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January 04, 2012 - Image 16

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The Michigan Daily, 2012-01-04

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IM - - -iy Jnury4 2012//Th taem

Wednesday, January 4, 2012 // The Statement

Stashu Kybartas:
Why can't films get you
tenure?

Peter Hammer:
Prejudice on the
track?

The University's Board of Regents approved
a revision to its bylaws last April, which allows
schools and colleges to extend the upper limit
of their tenure probationary periods to lOyears.
The regents left the decision up to schools as
to whether they wanted to change their clock
periods, and as of now, none of them have cho-
sen to implement the extension.
Christina Whitman, the University's vice
provost for academic and faculty affairs, said
someone rarely goes through the whole five to
seven year process without obtaining tenure.
"It doesn't mean that every assistant profes-
sor gets tenure by any means," Whitman said.
"But we get very few people who go all the way
through the process and don't get tenure at the
end."
A HIERARCHY OF EVALUATIONS
LSA departments: the

Running the tenure track
By Mary Hannahan

Who is the Lamberto Cesari Collegiate Professor of
Mathematics? What sets him apart from a recently hired
assistant professor in the Department of Germanic Lan-
guages and Literature?
While such distinctions may seem meaningless to
University students, they denote a complex process of
faculty standing at the University.
Tenure is a concept most often associated with aca-
demia, allowing a professor a lifelong appointment
within the University and a guaranteed salary in many
schools and colleges.
According to Mathematics Prof. Daniel Burns, presi-
dent of the University's chapter of the American Associa-
tion of University Professors, tenure is about being able
to hold unpopular or controversial views without the fear
of losing your job.
During the McCarthy era in the 1950s, professors
around the country were fired for the views they held,
both public and private. According to Gina Poe, an asso-
ciate professor in the Medical School, tenure is meant to
prevent similar events from happening.
"Tenure is a wonderful thing," Poe said. "In an aca-
demic environment, we need to be free to express our
opinions."
A former Vice Chair of the Senate Advisory Commit-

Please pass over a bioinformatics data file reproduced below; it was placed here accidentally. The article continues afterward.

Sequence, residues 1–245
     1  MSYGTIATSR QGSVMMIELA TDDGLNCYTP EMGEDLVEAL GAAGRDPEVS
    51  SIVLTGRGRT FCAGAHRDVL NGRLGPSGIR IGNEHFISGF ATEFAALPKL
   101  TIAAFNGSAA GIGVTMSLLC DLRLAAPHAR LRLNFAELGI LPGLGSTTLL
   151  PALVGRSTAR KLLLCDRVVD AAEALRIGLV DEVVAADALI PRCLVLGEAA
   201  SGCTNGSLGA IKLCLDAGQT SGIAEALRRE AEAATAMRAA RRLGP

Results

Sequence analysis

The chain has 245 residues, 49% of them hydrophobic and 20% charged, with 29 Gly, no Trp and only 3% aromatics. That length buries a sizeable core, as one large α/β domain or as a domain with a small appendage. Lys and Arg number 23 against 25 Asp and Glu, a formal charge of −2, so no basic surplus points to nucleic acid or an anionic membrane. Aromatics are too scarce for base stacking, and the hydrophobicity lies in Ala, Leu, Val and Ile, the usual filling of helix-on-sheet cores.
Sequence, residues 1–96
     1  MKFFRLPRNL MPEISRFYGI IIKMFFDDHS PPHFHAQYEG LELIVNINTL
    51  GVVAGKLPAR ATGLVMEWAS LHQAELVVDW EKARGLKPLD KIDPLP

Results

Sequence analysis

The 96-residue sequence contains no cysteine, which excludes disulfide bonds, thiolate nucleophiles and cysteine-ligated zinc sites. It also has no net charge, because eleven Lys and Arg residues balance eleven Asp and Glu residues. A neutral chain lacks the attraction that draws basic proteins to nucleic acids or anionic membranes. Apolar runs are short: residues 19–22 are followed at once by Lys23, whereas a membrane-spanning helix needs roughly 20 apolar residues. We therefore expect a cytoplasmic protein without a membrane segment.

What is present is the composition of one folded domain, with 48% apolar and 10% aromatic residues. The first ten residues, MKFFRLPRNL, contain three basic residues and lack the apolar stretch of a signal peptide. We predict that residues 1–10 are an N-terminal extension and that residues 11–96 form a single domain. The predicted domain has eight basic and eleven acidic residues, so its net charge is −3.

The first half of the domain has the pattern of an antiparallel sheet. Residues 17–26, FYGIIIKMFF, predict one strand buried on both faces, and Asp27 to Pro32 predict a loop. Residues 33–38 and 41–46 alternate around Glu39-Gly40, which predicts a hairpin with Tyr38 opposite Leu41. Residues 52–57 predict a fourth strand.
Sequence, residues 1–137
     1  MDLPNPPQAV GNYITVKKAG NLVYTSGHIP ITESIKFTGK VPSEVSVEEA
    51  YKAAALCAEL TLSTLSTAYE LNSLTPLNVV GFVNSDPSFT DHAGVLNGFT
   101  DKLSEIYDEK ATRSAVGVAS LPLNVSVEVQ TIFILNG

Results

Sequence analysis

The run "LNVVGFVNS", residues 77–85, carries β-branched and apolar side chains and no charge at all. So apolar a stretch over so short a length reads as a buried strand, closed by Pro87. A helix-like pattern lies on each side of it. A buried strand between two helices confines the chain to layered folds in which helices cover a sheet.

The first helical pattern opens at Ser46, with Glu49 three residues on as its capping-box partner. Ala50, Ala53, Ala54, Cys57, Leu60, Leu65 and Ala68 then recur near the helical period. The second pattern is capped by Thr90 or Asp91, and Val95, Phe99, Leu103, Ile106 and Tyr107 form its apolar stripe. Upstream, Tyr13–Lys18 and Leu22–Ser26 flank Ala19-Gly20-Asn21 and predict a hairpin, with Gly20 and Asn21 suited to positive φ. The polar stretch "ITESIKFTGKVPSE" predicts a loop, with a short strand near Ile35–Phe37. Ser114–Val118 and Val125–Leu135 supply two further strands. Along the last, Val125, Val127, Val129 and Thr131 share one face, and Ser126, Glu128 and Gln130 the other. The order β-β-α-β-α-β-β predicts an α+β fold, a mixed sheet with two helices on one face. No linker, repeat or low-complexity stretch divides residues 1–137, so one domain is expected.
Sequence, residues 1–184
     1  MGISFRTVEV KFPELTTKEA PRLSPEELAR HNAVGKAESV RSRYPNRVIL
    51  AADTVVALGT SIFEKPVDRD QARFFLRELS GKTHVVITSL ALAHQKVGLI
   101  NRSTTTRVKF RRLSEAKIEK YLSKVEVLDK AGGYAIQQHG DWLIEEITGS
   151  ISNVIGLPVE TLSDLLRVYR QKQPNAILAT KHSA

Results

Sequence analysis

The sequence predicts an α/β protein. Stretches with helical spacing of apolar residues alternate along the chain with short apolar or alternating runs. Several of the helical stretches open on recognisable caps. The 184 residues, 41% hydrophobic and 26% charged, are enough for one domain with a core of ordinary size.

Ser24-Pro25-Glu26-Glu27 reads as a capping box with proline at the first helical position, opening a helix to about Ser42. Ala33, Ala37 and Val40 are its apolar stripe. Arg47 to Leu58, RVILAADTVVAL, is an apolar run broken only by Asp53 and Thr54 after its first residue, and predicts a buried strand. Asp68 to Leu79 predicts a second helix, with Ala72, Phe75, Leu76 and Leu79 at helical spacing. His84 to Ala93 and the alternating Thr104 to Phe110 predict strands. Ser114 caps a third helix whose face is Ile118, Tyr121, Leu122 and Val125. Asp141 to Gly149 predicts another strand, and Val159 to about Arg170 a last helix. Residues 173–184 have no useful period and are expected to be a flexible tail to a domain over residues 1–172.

tee on University Affairs, the leading faculty governing
body, Poe is familiar with the University's tenure pro-
cess. SACUA has the power to recommend dismissal of a
faculty member to the Board of Regents.
Poe said it's incredibly difficult to fire a tenured pro-
fessor. Only grave breaches of ethical conduct, like sexu-
al harassment or stealing money from the University, are
offenses warranting dismissal.
But the process of actually landing tenure is no walk
in the park either.
STARTING THE RACE
The tenure process consists of three stages: assistant
professorship, associate professorship and full professor-
ship. A professor only becomes tenured when he or she
gets promoted to associate professor.
Faculty start the tenure track as an assistant professor,

a position that almost always requires a Ph.D.
According to information compiled by The Michigan
Daily, assistant professors currently constitute 19 per-
cent of faculty in LSA.
Many individuals teach classes for the first time after
they become assistant professors, though many others
have had prior experience working as graduate student
instructors.
During the tenure probationary period, a time when
faculty have not yet obtained permanent employment,
assistant professors teach, research and complete other
administrative duties - all the while proving they're
qualified to obtain tenure. Poe calls the tenure probation-
ary period a time of uncertainty when tenure hopefuls
"stew in hot water."
Tenure expectations differ between schools, colleges
and even departments.
Poe said an assistant professor in the Medical School,
for example, would be expected to teach classes, start a
research lab, obtain at least one major grant from a fed-